2019 – Glacier National Park

Glacier National Park is located in Northwest Montana and you can actually take the Amtrak train all the way from Union station in Chicago to East Glacier Village which sits right outside of Glacier National Park. It’s a quick and easy 33 hour train ride! Ha! One hilarious moment ensued shortly after my Mom dropped my Dad, Hayden, and I at Union Station. Lollapalooza was going on in the city and it felt pretty bizarre walking past a bunch of scantily clad festival girls while I was wearing my backpacking gear, backpack, and carrying a fishing pole.

The train ride itself was another one of those twilight zone moments in my life. It started off easy enough excitedly chatting with my Bro and Dad, reading up on some fantasy football tips, and taking videos of the countryside, but the train ride just seemed to go on forever! Of course we didn’t book a sleeper car either which meant we were sitting in airplane style seats. We continuously rotated between our seats, the observation car, and the little restaurant (commissary) car. There was also a dining car for dinner that served restaurant quality food. We were seated with a woman who lived in East Glacier Village and she told us about all the Bears she frequently sees there. This had my brother and I on edge, but believe it or not, I still have never seen a bear in the wilderness! When it was time to sleep, it was like trying to sleep in your car. I fell asleep at times, but it was very fitful. All through the night the train continued to make stops where people exited and entered the train. Another bizarre part of this train ride was the countryside itself. This train passed through some of the most desolate parts of the country. Vast stretches of North Dakota and Montana are effectively wastelands. Finally, we reached East Glacier Village and we were able to walk just a few blocks to a campsite on the edge of town where we could put our tents up and there were also showers and bathrooms available for us. We had one last dinner at a Mexican restaurant called Serranos. My Dad and I both got a burrito that came covered in a strange cheese sauce and Hayden had enchiladas which he could not stop raving about. He was dreaming about these enchiladas during the entire backpacking trip and kept giving me crap for my mediocre burrito! Anyway, the next morning we packed up camp and walked a few blocks to where a shuttle picked us up and took us into the park.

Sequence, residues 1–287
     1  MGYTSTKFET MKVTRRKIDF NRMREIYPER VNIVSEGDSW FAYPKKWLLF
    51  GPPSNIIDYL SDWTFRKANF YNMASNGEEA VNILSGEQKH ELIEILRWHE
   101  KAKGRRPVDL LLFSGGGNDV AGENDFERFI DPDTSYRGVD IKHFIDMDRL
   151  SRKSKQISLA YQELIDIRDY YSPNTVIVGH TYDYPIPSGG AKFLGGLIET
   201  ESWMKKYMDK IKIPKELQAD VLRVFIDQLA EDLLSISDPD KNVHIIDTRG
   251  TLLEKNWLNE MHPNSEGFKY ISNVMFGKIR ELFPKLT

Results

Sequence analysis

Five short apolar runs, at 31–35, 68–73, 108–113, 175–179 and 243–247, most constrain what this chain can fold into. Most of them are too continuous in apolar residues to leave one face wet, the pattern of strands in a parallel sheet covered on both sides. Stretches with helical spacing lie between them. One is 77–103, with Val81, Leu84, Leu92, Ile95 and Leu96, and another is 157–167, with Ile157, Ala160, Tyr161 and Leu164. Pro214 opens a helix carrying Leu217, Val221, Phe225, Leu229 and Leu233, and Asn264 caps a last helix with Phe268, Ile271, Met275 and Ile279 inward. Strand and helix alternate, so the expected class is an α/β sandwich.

After checking in at the Ranger station and picking up our campsite permits, we were on our way. Our hike started in a pleasant forest where we saw marshes created by beaver dams, crossed well constructed bridges, and already we were surrounded by large mountains. After hiking for awhile the trail began to pitch up as we started to make our way towards Pitamakin Pass. We met a group of hikers on the trail that caught our attention when we noticed the leader carrying a large rifle. We went back and forth with this group all day and they rotated who was carrying the rifle. When they were hiking with it, the person carrying the rifle resembled a marching soldier. The rifle was there for protection from Brown Bears. We simply brought Bear spray. We made steady progress and eventually found ourselves hiking out of the tree line. The trees cleared out and were replaced by a vast array of flowers with representation from each color of the rainbow. We crossed bubbling streams and soon found ourselves on the ridgeline of Pitamakin Pass. As I got my first view from the top, I was blasted by an intense jet stream of wind whipping over the mountain. It was so strong that you could fully lean into it without falling over. We spent some time taking a break, eating food, and taking pictures before beginning the descent down the other side of the pass. Up until this point we had been moving well, but we began to slow down. My Dad tweaked his knee sometime during the hike and as we descended it really started to bother him. We were having to take frequent breaks and the sun was absolutely cooking us. Finally, after hours of slow progress we came upon the Upper Park Campsite. We still had 2 more miles to reach the campsite we had a permit for, but my Dad declared himself completely bonked so we found a space behind the locked up ranger cabin to put up our tents. I generally am not a fan of camping somewhere we aren’t supposed to be, but I didn’t complain this time because the Lake Isabel Campsite was 2 miles further uphill and we were going to have to retrace our steps and come back the same way the next day. The funniest part about my Dad claiming to be bonked is that he hammed it up all night long with the other backpackers who stayed at Upper Park. The hikers carrying the rifle eventually joined us at camp and another group of locals joined as well. They all made for good company.